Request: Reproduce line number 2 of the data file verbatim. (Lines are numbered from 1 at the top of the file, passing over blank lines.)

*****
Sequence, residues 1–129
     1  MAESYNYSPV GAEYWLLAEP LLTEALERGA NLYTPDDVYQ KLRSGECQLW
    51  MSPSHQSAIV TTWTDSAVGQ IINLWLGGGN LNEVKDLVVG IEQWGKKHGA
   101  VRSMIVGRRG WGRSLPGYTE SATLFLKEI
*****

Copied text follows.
     1  MAESYNYSPV GAEYWLLAEP LLTEALERGA NLYTPDDVYQ KLRSGECQLW